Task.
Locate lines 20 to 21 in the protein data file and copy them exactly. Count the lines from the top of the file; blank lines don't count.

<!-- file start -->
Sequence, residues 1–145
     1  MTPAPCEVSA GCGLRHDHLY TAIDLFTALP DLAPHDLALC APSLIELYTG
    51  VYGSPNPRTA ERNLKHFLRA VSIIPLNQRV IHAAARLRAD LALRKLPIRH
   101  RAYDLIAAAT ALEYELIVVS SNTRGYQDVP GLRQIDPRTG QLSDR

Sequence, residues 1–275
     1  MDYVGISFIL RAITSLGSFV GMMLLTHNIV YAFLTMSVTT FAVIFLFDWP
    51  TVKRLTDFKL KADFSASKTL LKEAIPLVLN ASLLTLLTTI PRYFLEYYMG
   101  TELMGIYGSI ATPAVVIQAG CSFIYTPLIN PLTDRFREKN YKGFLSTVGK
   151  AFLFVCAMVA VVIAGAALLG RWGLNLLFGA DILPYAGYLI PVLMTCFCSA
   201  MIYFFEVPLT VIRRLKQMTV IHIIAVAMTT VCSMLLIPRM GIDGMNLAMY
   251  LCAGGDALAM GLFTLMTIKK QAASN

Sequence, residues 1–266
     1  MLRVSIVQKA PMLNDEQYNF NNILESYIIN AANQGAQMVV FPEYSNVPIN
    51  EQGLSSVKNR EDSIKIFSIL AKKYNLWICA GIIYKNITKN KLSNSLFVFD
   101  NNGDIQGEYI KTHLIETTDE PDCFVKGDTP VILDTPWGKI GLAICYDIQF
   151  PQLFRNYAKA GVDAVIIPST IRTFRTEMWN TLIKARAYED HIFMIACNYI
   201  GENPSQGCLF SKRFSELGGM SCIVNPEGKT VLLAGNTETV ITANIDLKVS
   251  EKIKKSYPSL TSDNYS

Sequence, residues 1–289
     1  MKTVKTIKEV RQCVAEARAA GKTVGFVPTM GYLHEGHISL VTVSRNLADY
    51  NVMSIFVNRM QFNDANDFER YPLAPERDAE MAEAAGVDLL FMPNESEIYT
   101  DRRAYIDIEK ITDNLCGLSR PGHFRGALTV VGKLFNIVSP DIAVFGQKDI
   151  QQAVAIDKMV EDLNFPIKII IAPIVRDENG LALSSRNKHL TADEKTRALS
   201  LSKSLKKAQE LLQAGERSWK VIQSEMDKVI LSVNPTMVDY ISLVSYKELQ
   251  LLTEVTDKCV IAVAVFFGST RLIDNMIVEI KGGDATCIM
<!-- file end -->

     1  MKTVKTIKEV RQCVAEARAA GKTVGFVPTM GYLHEGHISL VTVSRNLADY
    51  NVMSIFVNRM QFNDANDFER YPLAPERDAE MAEAAGVDLL FMPNESEIYT